Have you felt frustrated being pop music’s silent killer for so long?
“It’s been an incredible experience—a cool place to come from to feel like I’m a secret super hero. A song I’ve written will come on the radio and no one knows I wrote it. I’m ready to let go of my past, even though it’s been very rewarding to me writing songs for other people—I’m definitely full of songs that aren’t for me, so it’s nice to have that outlet. I love being on stage and there’s nothing that compares to going out there and connecting with an audience—having my voice be the voice that gets the crowd excited. There were definitely moments in my career where it was difficult for me; especially with the global, crazy success these songs have had. I’m happy I’ve made my mark in pop writing history, but it’s been hard for me to be in the shadows because I’m a performer and that’s what I’m here to do. Whether this EP is a hit or not, I’m grateful for this opportunity to be on stage again—to be an artist again.”
Bring me through the rest of the songs on Bombastic.
“Yes, ‘I Want It All’ is on there and I wrote that a long time ago, actually. I sort of dug it out of the hard drive from years ago. This song is very Rock ‘N’ Roll—it’s kind of a throwback, love song to the fans. It sounds very aggressive and sounds like it’s after one person, but the first lyric is, ‘I’ll make a deal with the devil; turn my heart into metal just to get to you.” It’s really about how I would do anything to get to my audience and how that’s really been my life goal and how I’ve sacrificed so much and worked so hard through blood, sweat and tears to get to them, and I feel like I’m finally able to give them what I’ve been trying to give them. ‘Wasted Youth’ is a big anthem—a sort of nostalgic, classic ‘Bonnie Mckee songwriting’ song. I really love that one. And ‘Easy’ is sort of the more vulnerable moment on the EP. Everything is a thread of ’80s nostalgia running through this project.”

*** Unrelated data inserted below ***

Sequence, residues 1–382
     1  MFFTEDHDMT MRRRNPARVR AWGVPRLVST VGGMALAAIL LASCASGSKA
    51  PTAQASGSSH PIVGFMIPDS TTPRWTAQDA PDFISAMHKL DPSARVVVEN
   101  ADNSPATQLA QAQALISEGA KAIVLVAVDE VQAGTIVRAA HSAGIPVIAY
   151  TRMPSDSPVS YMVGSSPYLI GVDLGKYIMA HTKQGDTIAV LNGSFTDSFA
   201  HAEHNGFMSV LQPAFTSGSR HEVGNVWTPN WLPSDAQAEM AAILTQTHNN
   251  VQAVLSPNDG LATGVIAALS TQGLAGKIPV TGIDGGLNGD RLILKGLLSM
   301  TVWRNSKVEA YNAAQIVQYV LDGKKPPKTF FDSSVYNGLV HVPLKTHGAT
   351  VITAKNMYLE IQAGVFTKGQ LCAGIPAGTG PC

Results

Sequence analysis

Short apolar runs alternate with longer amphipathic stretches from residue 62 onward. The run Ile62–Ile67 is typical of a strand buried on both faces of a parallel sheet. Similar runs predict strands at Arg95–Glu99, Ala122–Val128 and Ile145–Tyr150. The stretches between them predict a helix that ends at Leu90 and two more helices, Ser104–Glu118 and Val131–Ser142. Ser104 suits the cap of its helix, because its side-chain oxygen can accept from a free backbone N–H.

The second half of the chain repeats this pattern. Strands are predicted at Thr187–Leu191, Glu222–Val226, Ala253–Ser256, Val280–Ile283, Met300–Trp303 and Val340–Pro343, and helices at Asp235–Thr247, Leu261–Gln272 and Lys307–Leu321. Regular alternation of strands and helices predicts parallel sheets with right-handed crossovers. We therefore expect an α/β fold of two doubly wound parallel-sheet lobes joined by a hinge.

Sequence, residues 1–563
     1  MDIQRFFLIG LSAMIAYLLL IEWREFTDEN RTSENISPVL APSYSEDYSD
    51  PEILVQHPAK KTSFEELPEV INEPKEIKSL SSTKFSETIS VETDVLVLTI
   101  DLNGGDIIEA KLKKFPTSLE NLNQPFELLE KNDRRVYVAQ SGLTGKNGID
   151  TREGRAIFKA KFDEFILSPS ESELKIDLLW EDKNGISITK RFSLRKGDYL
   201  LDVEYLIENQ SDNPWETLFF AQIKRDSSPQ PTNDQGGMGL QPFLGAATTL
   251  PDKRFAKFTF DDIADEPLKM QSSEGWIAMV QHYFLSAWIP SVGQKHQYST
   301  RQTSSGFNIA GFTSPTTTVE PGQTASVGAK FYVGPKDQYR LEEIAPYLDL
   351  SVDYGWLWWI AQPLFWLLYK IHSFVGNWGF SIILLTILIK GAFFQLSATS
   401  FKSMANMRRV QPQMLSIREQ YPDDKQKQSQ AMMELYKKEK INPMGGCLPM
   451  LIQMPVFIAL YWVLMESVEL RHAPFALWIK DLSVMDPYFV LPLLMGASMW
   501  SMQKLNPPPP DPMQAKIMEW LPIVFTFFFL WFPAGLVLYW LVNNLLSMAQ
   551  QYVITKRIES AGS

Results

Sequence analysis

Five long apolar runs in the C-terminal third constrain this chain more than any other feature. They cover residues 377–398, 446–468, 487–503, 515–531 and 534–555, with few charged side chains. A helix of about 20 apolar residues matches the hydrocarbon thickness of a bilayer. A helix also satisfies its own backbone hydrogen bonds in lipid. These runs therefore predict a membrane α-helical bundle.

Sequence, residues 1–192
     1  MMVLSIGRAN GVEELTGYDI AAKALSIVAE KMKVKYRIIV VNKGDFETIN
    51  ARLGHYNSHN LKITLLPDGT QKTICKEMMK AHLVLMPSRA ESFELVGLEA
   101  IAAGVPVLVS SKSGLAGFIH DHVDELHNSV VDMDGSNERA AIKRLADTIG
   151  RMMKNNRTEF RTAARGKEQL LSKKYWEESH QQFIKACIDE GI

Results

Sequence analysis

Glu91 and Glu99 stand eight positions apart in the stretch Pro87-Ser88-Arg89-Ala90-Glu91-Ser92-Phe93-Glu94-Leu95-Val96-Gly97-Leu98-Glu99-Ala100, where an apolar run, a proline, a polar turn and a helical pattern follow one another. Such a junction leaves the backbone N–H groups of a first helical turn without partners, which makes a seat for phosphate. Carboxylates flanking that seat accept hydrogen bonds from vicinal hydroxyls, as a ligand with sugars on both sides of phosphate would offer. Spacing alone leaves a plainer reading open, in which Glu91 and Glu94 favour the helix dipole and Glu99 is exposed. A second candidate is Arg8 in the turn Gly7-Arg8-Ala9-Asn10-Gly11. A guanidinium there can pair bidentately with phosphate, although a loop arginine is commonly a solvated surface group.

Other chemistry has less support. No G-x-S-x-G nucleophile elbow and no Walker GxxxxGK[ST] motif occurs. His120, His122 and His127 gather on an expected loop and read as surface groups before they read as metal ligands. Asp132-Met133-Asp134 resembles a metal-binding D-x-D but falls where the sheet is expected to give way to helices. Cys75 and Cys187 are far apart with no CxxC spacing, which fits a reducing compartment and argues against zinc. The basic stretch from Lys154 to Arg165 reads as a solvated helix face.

What’re songwriting clichés you always avoid?
“You’ll hear songs about weather and it’s full of all these weather metaphors, or fire and it’s all ‘burning’ and ‘sparks’ and ‘flames’ and cliché lyrical things. I like to avoid the angry female, ‘You oughta know’ thing. I feel like there are more creative angles to that emotion, but the thing that drives me the most crazy is just unimaginative lyrics. It doesn’t have to be complicated and flowery for it to be interesting. There are plenty of simple words that you can just rearrange to make people feel something. I’ve heard ‘up in the club’ so many times, it gets a little tiring for me. But honestly in the end, in pop music, melody is king. So if you have a hit melody, there’s no arguing with that. But I myself prefer lyrics that have a little bit more thought into it.”